US, EU can defeat terrorism without damaging civil liberties

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The EU and the U.S. must continue to work together in the fight against terrorism, but we must be clear that this must not come at the cost of fundamental rights.

Much has been achieved through EU-U.S. cooperation on counterterrorism in terms of information sharing to address the issue of foreign terrorist fighters, preventing radicalisation, particularly on the internet, and in terms of anti-money laundering to tackle terrorist financing. It is crucial that this work is not undermined by measures that prioritise counterterrorism “by all means” at the expense of civil liberties.

EU lawmakers will meet with members of the U.S. government, Congress and civil society from July 17-21 to ensure continued cooperation on these issues in the face of ongoing threats. It is crucial that the EU and the U.S. continue to work together to prevent terrorist attacks, while maintaining full respect of the rule of law and the fundamental rights of all our citizens.  

{mosads}The EU has concluded a number of important counterterror agreements with the U.S. in recent years, such as the Terrorist Finance Tracking Programme (TFTP), the use and transfer of passenger name records (PNR) and the Umbrella Agreement providing rules for transatlantic data exchange in law enforcement investigations.


These binding agreements demonstrate our shared commitment to the fight against terrorism, and it is important that they are not undermined. However, the issue of surveillance and privacy may return to the agenda if the Trump administration prioritizes the fight against terrorism “by all means” to the detriment of fundamental rights, such as those preventing torture and protecting personal data.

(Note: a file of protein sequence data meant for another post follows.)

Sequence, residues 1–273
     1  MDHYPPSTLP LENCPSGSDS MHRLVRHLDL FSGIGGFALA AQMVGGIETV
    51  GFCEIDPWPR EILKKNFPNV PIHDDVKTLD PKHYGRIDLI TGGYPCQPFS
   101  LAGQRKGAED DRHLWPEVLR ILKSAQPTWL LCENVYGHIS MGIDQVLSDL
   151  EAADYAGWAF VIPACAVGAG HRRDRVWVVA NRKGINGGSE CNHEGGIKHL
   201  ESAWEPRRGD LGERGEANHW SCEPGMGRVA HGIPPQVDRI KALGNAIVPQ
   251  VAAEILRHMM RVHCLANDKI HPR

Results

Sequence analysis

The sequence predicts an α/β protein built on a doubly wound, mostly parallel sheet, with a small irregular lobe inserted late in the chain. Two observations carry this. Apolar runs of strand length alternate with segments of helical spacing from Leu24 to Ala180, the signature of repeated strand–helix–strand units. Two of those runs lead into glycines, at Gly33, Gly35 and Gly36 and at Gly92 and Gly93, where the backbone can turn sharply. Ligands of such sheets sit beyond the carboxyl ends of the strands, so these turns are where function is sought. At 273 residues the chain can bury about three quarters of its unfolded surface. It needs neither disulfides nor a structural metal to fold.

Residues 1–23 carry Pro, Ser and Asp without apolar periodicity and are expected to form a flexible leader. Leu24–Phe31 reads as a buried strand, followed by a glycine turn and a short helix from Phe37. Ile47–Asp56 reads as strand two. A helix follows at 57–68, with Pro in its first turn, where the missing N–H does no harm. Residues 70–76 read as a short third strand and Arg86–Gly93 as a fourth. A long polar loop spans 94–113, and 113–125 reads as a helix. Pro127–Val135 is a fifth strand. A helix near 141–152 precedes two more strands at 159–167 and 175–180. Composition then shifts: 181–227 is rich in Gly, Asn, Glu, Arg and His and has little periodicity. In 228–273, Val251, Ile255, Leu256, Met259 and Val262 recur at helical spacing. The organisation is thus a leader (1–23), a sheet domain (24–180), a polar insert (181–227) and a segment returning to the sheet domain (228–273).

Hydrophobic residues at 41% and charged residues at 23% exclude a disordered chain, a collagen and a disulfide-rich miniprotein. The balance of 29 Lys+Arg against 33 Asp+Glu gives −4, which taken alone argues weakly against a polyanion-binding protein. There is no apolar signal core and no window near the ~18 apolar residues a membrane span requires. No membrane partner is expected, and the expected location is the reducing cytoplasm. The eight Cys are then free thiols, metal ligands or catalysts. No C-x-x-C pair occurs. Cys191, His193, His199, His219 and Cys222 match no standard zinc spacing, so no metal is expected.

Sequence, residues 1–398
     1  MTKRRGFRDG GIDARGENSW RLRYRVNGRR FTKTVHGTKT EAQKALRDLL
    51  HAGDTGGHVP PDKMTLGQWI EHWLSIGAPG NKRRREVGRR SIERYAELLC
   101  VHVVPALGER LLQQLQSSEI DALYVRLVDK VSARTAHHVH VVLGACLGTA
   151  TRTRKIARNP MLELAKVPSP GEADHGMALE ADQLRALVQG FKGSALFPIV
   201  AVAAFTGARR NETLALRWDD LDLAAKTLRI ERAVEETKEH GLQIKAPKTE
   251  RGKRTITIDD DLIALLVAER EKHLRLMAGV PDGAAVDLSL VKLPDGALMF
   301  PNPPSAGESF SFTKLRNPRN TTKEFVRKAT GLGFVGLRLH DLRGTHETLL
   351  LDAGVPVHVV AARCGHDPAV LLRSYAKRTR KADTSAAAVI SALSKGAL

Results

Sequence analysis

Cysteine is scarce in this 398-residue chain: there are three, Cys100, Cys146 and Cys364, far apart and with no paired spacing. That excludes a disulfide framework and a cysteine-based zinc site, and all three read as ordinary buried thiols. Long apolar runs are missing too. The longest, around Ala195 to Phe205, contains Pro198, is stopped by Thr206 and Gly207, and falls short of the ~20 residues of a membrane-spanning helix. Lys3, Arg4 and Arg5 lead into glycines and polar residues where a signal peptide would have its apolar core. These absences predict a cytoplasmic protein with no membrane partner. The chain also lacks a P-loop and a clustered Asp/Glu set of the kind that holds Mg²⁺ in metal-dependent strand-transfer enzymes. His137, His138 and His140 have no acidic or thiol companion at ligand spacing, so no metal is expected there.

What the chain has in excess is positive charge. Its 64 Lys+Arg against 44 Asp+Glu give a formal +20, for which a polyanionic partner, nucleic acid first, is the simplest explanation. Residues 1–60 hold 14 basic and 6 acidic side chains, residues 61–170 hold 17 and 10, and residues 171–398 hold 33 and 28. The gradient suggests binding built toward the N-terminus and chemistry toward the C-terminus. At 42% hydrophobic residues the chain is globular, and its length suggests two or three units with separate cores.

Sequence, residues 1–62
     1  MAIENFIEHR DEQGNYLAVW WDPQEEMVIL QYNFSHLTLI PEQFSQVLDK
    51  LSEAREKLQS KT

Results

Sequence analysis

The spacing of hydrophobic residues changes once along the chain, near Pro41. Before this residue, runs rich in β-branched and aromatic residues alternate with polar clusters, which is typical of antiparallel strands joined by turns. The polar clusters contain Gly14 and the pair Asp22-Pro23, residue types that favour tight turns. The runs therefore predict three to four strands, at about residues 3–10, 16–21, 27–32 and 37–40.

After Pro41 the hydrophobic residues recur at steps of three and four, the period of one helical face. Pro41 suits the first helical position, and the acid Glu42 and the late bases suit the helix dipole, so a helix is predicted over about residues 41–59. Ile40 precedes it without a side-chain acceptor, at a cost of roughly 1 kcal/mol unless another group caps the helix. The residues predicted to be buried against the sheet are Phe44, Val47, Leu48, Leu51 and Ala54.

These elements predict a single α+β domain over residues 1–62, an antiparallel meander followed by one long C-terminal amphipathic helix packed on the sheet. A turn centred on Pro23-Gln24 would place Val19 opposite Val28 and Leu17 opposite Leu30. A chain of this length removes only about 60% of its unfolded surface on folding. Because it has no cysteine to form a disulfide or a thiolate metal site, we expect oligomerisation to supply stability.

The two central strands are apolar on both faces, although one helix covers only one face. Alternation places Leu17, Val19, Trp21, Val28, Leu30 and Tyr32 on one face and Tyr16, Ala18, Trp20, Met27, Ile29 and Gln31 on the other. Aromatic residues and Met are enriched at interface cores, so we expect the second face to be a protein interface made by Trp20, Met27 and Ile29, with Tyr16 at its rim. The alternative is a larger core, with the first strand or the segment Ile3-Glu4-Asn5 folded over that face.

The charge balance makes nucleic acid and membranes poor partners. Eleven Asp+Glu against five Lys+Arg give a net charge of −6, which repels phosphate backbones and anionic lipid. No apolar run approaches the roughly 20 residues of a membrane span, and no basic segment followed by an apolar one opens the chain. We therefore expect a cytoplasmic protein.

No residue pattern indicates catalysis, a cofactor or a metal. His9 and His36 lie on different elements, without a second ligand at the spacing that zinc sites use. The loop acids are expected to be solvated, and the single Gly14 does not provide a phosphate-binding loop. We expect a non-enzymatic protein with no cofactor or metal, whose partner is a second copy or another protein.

We will raise our concerns in particular on the so-called Muslim Ban, which has now been upheld by the Supreme Court with exceptions for those with close relatives in the U.S. The fact that people from six Muslim-majority countries now face tougher restrictions on entering the U.S. is deeply troubling. We must speak out against any measures that target those who are often already marginalised and discriminated against — especially Muslims and migrants.

This policy does nothing to aid in the fight against terrorism. On the contrary, it is likely to reduce intelligence cooperation between the U.S. and the countries affected by the ban, which are likely to be more hesitant to work with U.S. forces and intelligence agencies.

We will also speak out against any measures that are taken to implement President Trump’s statements supporting the reintroduction of brutal interrogation practices, such as waterboarding, and the reopening of so-called “black sites.” Not only are these shameful techniques morally wrong, they have been shown to be ineffective and do nothing to aid in the fight against terror. 

There are clear benefits in EU and U.S. cooperation in the fight against terrorism. This must continue, and EU lawmakers are strongly committed to ensuring that our intelligence communities have the right tools available to investigate and prevent attacks while ensuring that fundamental rights are upheld. We will work with Congress to achieve this balance and ensure a level of counterterror cooperation that protects all our citizens. 

Claude Moraes is chair of the European Parliament Civil Liberties, Justice and Home Affairs Committee and a member of the European Parliament for London.

The views expressed by contributors are their own and not the views of The Hill. 

Tags Counter-terrorism International law National security Society for Worldwide Interbank Financial Telecommunication Terrorism Terrorist Finance Tracking Program War on Terror Waterboarding

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